For less important senders and/or web sites where I simply need an immediate e-mail address to get into their site (like this newsgroup), I use Spamex. Spamex works a lot like emailias in that they have the links button that quickly creates a new alias and automatically associates it with the current web site. This is a much easier process than E4ward, but I'm back to square one if Spamex tanks. Since I only use this for non-critical senders, I can live with that risk.

The bottom line is that I choose whether I want stability or simplicity. I estimate that 20% of all my emailias aliases were for critical senders where stability is important, 40% were for non-critical senders, and 40% were for obsolete senders that I never took the time to clean up.

Note to Spamex: If you guys would ever get your act together and reply to support requests for using custom domain names, we could avoid all this crap and use you for everything.
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Old 26 Nov 2010, 01:13 AM   #49
RicardoSwe
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Just figured out that emailias.com went "poof".

Thanks to Paul for his good service. Sorry it turned out this way.

I did not receive any notice from emailias. I was a subscriber for several years. I also never downloaded a list of my emailias IDs. (Lesson learned !!)

One recovery method I have is -- gmail has saved 120+ messages forwarded by emailias, so at least I can see many of the regular communicators and go to their sites to update my email.

Ricardo
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Old 28 Nov 2010, 03:24 PM   #50
Shelded
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I don't know the Emalias features, but I used http://www.sneakemail.com/ for most of ten years. I gladly recommend them for what they do. I also suggest that you could use Fastmail's plus-addressing and aliases to create nearly unlimited DAs.

It's a sorry thing to have paid for something and gotten locked out of it with little/no warning. That is what we expect to avoid by paying, even if the TOS allow it.
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Old 2 Dec 2010, 03:04 AM   #51
e4ward
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Representative of:
E4ward.com
Quote:
If anything ever happens to E4ward,....
Just an FYI, we are doing fine. E4ward is self-sustaining, and just as importantly, secure. Email forwarding services are a HUGE magnet for spam and abuse (you would not believe some of the nonsense that goes on ), and that appears to be a prime reason for the tankage of some other email forwarding services.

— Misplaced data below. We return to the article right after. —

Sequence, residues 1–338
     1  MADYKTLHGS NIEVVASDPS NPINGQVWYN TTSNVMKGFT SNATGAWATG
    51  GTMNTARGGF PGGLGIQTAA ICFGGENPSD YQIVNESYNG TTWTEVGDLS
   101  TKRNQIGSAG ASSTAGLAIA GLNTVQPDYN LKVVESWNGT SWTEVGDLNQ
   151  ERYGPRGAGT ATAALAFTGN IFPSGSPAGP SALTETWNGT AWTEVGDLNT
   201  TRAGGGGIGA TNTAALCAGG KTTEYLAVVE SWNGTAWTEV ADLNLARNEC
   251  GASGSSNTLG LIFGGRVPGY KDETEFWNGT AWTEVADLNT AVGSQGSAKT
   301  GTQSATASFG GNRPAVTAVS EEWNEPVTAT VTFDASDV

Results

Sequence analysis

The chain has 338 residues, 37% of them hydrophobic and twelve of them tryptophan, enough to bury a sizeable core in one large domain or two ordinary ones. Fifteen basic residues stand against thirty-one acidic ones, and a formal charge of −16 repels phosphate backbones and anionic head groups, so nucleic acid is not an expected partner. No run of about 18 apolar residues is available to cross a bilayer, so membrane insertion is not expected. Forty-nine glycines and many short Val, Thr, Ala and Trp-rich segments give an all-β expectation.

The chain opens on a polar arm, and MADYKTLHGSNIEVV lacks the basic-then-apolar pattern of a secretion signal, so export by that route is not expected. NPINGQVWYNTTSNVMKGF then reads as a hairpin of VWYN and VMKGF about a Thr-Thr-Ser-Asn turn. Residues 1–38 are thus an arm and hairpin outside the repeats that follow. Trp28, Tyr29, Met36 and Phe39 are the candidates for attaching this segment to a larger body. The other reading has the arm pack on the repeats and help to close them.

Quote:
The downside of E4ward is that you need to login to their web site and manually enter both the alias name and the web site name each time you want to create a new alias. The process is somewhat clunky.
The login (required only for 'outgoing-first' messages when theres no incoming mail to reply to) is definitely somewhat clunky, but it insures that only E4ward users can manufacture valid reply addresses. The reply addresses are timestamped and digitally signed when they are generated. This is vital to maintaining the reputation and integrity of the service.

Quote:
Note to Spamex: If you guys would ever get your act together and reply to support requests for using custom domain names, we could avoid all this crap and use you for everything.
As you are aware, E4ward already offers unlimited aliases and custom domains, and we are currently working on a less clunky way to support 'outgoing-first' messages without the website visit. The challenge is to keep the format of the reply address simple enough to be entered free-hand, while still making it impossible for bad guys to relay fake replies off our servers.
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Old 5 Dec 2010, 05:56 AM   #52
TimW
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Could not get Tuffmail to mask replys

Dear Thread Contributors,

Thank you, all of you, for the information in this tread. This thread has been very helpful in exploring options to sustainably replace my lost Emailias account!

Especially, thank you Paul M. for your dandy product & service.

As posted earlier, I tried out Tuffmail. Observations:

1) The only difference between my Tuffmail new account and the screenshot posted by Berenburger is that Berenburger's had an option for an auto-responder.

Quote:
Originally Posted by Berenburger View Post
Don't know if it helps you, but here's a screenshot how to create an address in the Account Manager.
2) Pointing my DNS MX record to their server cluster

mxin.mxes.net {with a priority of 10 (1st priority)}

and to one of my ISP host's mail servers {with a priority of 20 (2nd priority) if the priority 10 server was not available for some reason... i.e. the service closed} was cake work.

This is how Tuffmail verified that I owned the domain.

3) Inbound emails forwarded perfectly.

4) Reply emails offered up my root email address (very BAD). Although Tuffmail has an elaborate spam filtering setup, with 4 sorting levels (OK, not likely spam, probably spam (to fine-tune your filters) and bye-bye spam - Note: not their official names, but my interpretation of their functions), the point of a DEA is to NEVER have to peruse smam folders or use any computer resources on spam.